Medicare 101 – The Basics You Need to Know! - Rodgers & Associates

Medicare 101 – The Basics You Need to Know!

Print this page

One of the most complex issues you will face when you reach age 65 is what to do about Medicare. Medicare is the federal health insurance program available to older Americans. Most of us have been paying into this program during our entire working lives as part of the payroll tax deducted from our paychecks. You become eligible when you reach age 65 and are eligible for Social Security. You can be eligible for Medicare under age 65 if you have been receiving Social Security disability (SSDI) for at least 24 months.

If you are eligible for Social Security retirement benefits but do not take them at age 65, or if you are working after age 65, you can still receive Medicare benefits. If you are not eligible for Social Security or railroad retirement, you are eligible for Medicare if you meet residency and citizenship require­ments, but you must pay Part A premiums. How much you pay for Part A depends on your work history (how long you paid Medicare taxes while working).

Medicare is divided into three parts: Part A, Part B, and Part D. In general terms, Part A covers hospital related expenses. Part B covers doctor’s services and outpa­tient medical services, laboratory tests, X‑rays, and therapy. Part D is the prescription drug benefit. The first step to enjoying the full benefits of the Medicare system is to under­stand how the programs work.

Enrollment in Medicare is automatic for most people and does not require an appli­cation if you already get Social Security benefits. If you qualify for Social Security benefits but are not receiving them when you turn 65 you will need to enroll in Medicare by filing an appli­cation. You can file an enrollment appli­cation during the seven-month period surrounding the month of your 65th birthday. This period includes the three months before your birthday month, your birthday month, and the three months after your birthday month. If you miss your initial enrollment period, you may enroll between January and March 31 each year, but you may pay a penalty for late enrollment. Your Medicare coverage will start on July 1 of the year you enroll.

Medicare Part A coverage is free if you are 65 or older and eligible for Social Security. Those that have paid into Social Security but do not have the 40 quarters of earnings to qualify pay a premium based on the number of quarters they have worked. There is an exception for those who are disabled and qualify for SSDI.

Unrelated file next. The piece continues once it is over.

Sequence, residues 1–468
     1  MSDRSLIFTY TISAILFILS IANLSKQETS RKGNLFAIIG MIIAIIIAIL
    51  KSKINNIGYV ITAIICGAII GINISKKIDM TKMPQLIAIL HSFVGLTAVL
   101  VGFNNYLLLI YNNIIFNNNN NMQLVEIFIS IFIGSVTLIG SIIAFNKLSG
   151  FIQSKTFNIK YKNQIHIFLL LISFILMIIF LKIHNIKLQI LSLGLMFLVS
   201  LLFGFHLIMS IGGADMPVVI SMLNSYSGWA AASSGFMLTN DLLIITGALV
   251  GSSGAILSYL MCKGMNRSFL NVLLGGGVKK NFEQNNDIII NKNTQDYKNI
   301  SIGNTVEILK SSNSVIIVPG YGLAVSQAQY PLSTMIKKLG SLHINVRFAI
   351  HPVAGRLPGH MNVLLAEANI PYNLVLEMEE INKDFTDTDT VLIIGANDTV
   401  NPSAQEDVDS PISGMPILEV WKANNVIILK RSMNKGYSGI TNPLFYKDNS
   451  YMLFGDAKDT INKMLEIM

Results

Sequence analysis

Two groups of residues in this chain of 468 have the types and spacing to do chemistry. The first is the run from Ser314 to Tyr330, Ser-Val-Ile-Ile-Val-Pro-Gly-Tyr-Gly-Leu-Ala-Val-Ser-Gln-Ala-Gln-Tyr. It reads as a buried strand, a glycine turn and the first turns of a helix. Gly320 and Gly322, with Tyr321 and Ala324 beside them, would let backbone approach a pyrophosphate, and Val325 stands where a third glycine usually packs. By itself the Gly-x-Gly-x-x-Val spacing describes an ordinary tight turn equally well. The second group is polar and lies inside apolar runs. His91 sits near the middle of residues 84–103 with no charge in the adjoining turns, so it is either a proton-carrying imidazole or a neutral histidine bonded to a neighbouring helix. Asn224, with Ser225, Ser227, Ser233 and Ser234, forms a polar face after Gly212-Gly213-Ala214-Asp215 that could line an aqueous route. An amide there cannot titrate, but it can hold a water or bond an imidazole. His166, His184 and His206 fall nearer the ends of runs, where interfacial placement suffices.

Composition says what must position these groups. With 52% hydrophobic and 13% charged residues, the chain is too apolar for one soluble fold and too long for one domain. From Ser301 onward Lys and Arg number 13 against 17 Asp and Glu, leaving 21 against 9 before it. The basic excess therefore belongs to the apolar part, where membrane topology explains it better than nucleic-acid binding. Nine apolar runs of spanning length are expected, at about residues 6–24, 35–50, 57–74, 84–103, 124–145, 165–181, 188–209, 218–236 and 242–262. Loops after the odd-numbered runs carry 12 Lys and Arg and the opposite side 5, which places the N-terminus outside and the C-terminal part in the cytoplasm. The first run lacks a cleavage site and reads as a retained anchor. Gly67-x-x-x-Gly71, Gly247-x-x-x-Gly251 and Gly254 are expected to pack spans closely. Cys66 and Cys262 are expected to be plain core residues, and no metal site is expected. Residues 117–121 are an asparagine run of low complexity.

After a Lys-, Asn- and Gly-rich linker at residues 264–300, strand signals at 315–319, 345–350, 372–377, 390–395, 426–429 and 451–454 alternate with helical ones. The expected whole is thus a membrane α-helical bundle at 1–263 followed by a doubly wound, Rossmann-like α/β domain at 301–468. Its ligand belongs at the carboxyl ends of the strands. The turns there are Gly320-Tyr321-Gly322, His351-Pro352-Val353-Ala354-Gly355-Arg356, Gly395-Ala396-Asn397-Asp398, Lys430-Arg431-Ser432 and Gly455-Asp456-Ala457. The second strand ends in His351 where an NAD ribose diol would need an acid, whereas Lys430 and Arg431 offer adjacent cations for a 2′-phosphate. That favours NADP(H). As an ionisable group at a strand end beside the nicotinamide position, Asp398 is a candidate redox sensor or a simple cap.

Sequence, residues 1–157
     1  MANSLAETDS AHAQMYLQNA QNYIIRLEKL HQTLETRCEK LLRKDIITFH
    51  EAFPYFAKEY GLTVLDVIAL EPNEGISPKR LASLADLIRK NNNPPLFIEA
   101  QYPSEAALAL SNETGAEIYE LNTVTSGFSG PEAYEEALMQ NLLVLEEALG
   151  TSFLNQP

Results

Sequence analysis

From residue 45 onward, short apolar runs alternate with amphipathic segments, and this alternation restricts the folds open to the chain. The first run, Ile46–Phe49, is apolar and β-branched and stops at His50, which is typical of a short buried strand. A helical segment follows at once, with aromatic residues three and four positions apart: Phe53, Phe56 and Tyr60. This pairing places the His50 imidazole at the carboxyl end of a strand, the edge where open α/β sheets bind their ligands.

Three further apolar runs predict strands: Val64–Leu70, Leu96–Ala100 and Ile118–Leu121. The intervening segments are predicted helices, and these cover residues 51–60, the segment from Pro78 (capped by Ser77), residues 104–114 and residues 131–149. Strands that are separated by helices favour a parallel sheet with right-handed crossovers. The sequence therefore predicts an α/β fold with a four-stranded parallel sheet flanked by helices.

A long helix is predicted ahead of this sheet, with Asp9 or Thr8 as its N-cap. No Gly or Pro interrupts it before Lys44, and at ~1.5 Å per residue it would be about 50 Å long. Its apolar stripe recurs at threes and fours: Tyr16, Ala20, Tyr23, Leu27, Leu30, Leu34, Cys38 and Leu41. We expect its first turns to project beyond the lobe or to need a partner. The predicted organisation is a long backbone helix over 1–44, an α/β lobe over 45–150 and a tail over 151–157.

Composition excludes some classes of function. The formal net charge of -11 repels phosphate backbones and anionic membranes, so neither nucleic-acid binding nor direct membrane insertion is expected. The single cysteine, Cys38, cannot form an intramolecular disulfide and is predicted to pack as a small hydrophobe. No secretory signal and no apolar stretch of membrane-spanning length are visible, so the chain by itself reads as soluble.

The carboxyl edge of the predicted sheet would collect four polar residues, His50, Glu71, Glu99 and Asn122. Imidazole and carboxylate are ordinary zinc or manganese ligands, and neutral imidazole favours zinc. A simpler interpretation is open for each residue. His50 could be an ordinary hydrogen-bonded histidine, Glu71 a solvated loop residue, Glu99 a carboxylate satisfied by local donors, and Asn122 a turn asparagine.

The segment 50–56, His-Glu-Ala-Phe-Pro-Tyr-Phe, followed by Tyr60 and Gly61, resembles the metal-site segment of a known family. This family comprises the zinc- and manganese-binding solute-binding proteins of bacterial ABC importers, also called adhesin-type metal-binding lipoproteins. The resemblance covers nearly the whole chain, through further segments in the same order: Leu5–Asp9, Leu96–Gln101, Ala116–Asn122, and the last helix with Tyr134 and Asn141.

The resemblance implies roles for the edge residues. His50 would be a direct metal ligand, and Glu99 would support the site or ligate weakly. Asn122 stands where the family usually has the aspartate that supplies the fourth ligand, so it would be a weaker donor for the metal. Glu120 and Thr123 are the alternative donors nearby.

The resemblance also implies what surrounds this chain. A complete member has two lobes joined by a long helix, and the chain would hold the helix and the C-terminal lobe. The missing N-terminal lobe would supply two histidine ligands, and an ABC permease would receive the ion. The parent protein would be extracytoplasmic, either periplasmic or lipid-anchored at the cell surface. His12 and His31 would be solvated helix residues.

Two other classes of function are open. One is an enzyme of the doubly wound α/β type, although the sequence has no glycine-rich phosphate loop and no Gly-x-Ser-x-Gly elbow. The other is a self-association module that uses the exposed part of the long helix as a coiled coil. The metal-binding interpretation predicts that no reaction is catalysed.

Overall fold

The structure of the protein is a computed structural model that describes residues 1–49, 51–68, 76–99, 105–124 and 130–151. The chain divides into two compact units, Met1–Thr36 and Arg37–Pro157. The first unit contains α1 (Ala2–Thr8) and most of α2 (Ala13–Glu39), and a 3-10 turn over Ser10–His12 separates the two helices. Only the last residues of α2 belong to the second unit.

Medicare covers most health care services that you and your doctor think you need. Most doctors accept Medicare. Doctors do not have to treat Medicare patients, but if they do, they are legally bound to file claims with Medicare and to charge no more than state and federal laws permit. Medicare will pay the doctor 80% of its approved amount, and you are respon­sible only for the remaining 20%. Doctors who do not take assignment can charge you up to 15% more than Medicare’s approved amount so you should always ask if they will take the assignment.

Everyone pays a monthly premium for Medicare Part B. The standard Medicare Part B monthly premium is $99.90 per month in 2012. For most people this is a $3.50 increase over the 2011 premium. Part B premiums will usually only be increased in years that Social Security benefits are also increased. If you began having your premium deducted in 2011, you will pay $115.40 each month in 2012 for Part B.

People with very high incomes will pay a higher Part B premium.

Medicare Part D coverage is only available through Medicare private drug plans. Enrollment in Part D is optional for most people since the economics of this benefit will depend on your current drug coverage and drug needs. Start by checking the plan you currently have to see how it will coordinate with Medicare. There are situa­tions where having Part D could cause you or your family members to lose other health care coverage. If your current drug coverage is as good as or better than Part D you can keep it without penalty. There is a penalty to enroll later if you do not have coverage and do not enroll when you are first eligible.

You will need to choose a plan that works with your current Medicare health benefits when you enroll in Part D. Original Medicare coverage requires you to choose a stand-alone plan that offers just drug coverage (PDP). A Medicare Advantage plan (Medicare private health plan) typically will offer drug coverage as part of your plan’s benefits package. Each plan has different costs and a different menu of drugs that are covered through different pharmacies.

Enrollment in Part D can begin when you first become eligible for Medicare and enroll in Medicare Parts A or B. Changing your Part D plan can only be done during the Fall Open Enrollment. This year the open enrollment will be from October 15th to December 7th.

Under­standing the basics of Medicare A, B, and D gives you good standing to take necessary steps on schedule. It also helps you deal with problems in the system when you must. For more infor­mation on Medicare visit their website at Medicare​.gov.

Rick’s Insights

  • Enroll in Part B in advance of your 65th birthday to avoid penalties for missing the initial sign up period.
  • Ask healthcare providers if they will take Medicare assignment in advance to assure you are only charged the minimum copays.
  • Check your current health plan to see how it will coordinate with Medicare before enrolling in Part D.